The first state-like formations, in the present-day territory of Russia, emerged around Novgorod and Kiev in the 9th century. Russia was then dominated by Vikings. After 250 years of Mongol supremacy, from the 13th century, Moscow became the most important power base in Russia. It was from Moscow that Ivan the Great ruled with a firm hand.
The name Russia comes from the group of Varangians (Vikings), called the, “Rus”. They established a state, in the middle of the 9th century in Northern Russia, around the important trade center of Novgorod. About twenty years later, their power base shifted to the Dnieper River trade route to the Greeks, where their capital Kiev was thriving. Thereafter, the state was called, “Kievan Rus”. Mostly furs, slaves, and wax, were traded for Arabian silver, as well as Byzantine luxury goods.
The Varangian princes formed the ruling class, but they soon assimilated with the local Slavs and the Finns.
The state of Kievan Rus was a loose confederation of principalities whose leaders were princes (Knyaz). They were constantly in dispute over the supreme title, Grand Prince of Kiev (Veliky Knyaz).
Each prince was supported by a retinue (druzhina) of loyal soldiers (druzhinniks). The senior members of this fellowship were called, “boyars,” and they formed an advisory board called the, “Duma”.
Unusually, the towns of Novgorod and Pskov were governed by a wide assembly of merchants called “Veche”. The Veche was so powerful, it could name, and depose, princes.
When the Mongols conquered Russia, the most important center was not Kiev, but Vladimir, whose prince was superior to others and named himself the Grand Prince. Under the Mongol rule, princes retained their dominions but were obliged to pay tax to the Mongols. The title, “Grand Prince,” thereafter shifted to the ruler of Moscow.
Russians were deeply influenced by Byzantine culture and the Orthodox faith. Mentality, customs and art, were all adopted from Byzantium.
The first forerunner of a state, which was in the territories of East Slavs, was named, “Rus,” and was established by the Viking clan called the, “Rus,” in the 9th century. Rich culture, and prosperous trade with the Byzantine Empire, made it the dominant ruler of, what is today, Western Russia.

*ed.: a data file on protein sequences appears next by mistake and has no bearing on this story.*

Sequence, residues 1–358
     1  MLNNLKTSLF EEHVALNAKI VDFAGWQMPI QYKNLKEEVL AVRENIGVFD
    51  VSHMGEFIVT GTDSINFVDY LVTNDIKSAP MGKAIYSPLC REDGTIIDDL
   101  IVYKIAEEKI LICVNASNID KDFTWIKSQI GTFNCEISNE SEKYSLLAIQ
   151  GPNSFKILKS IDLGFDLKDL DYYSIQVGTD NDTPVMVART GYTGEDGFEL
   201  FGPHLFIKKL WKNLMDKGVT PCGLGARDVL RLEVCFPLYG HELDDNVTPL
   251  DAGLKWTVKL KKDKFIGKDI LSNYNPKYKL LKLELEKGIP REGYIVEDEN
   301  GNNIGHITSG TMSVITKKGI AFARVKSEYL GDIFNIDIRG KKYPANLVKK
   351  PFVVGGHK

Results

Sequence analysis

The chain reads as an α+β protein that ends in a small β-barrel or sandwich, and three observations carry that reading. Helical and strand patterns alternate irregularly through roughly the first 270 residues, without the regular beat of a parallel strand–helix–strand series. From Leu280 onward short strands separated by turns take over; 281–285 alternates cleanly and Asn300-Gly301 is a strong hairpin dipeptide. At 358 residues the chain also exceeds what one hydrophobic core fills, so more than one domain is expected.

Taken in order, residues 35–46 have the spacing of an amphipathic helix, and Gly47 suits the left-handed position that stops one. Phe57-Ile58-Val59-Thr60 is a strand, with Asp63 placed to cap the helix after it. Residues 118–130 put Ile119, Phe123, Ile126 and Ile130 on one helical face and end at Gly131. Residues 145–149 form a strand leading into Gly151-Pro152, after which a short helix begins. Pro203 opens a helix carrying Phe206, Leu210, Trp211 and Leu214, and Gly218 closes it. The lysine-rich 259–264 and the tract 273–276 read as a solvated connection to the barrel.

Life in Rus was focused around its long rivers. The Dnieper, Don, Volga, and Volkhov rivers were the trading routes that connected Scandinavia with Constantinople and Baghdad. The Varangians established control over these territories. They came to rule the Slavs, and gradually mixed with them.
A legend, written in the Primary Chronicle, says that in the middle of the 9th century, Slavic and Finno-Ugric tribes of Northern Russia tired of fighting each other and invited the Varangians to rule over them. In 862, the Varangian, Prince Rurik, established the, “Rurik Dynasty,” in Novgorod that ruled over Russia for 700 years. Rurik’s successor, Oleg, founded the Kievan Rus state in 882 by connecting Novgorod with Kiev, and making the latter his new capital.
The following rulers, Igor I, his widow, Olga, and son, Svyatoslav I, extended their dominance in what is now Southern Russia, fighting Byzantium, Pechenegs, and Polovtsy.
In 988, Vladimir I, looking for a way to spiritually unify his people, adopted the Orthodox faith from Byzantium.
The reign of Yaroslav the Wise, in the first half of the 11th century, was the highlight of Kievan power. Yaroslav enlarged the state, built fortifications, introduced a code of law, and promoted culture.
The fragmentation of the Kievan state, which followed, was only temporarily halted by Vladimir II (Vladimir Monomakh) at the beginning of the 12th century. After the rule of Yuri Dolgorukiy, in the later part of the 12th century, the importance of Kiev declined. His son, Andrey Bogolyubsky, raided Kiev. Thereafter, the Vladimir-Suzdal principality, and the Novgorod Republic, became the most important states in Russian territory.
Mongols were the biggest threat to the Christian world in the 13th century. They established the largest continental empire of all time. Most of Western Russia was under Mongol rule for 250 years.
In the 13th century, a new and powerful enemy attacked from the east. The Mongols were a Central Asian nomadic people who had already subdued many powerful states in Asia. Their ruler was Genghis Khan.
Russians first faced them at the 1223 Battle of Kalka. They helped the Polovtsy fight the Mongols, but lost miserably.
In 1237 the invasion began under Batu Khan. Whole cities were destroyed and entire populations decapitated. In just three years the Mongols crushed the resistance of the princes of the Rus, one by one. Only Novgorod and Galicia were spared.
The Mongols sacked and destroyed Kiev in 1240, and then moved ahead to the west. The Mongols established the biggest continental empire the world has ever seen, stretching from the Pacific Ocean to Eastern Europe. Under the command of Batu Khan, they were on their way to conquer the rest of Europe. Instead, they suddenly decided to return home, because of the death of the Great Khan in 1241. In later years, the Mongols divided their vast empire into smaller states. Most of them were called Hordes.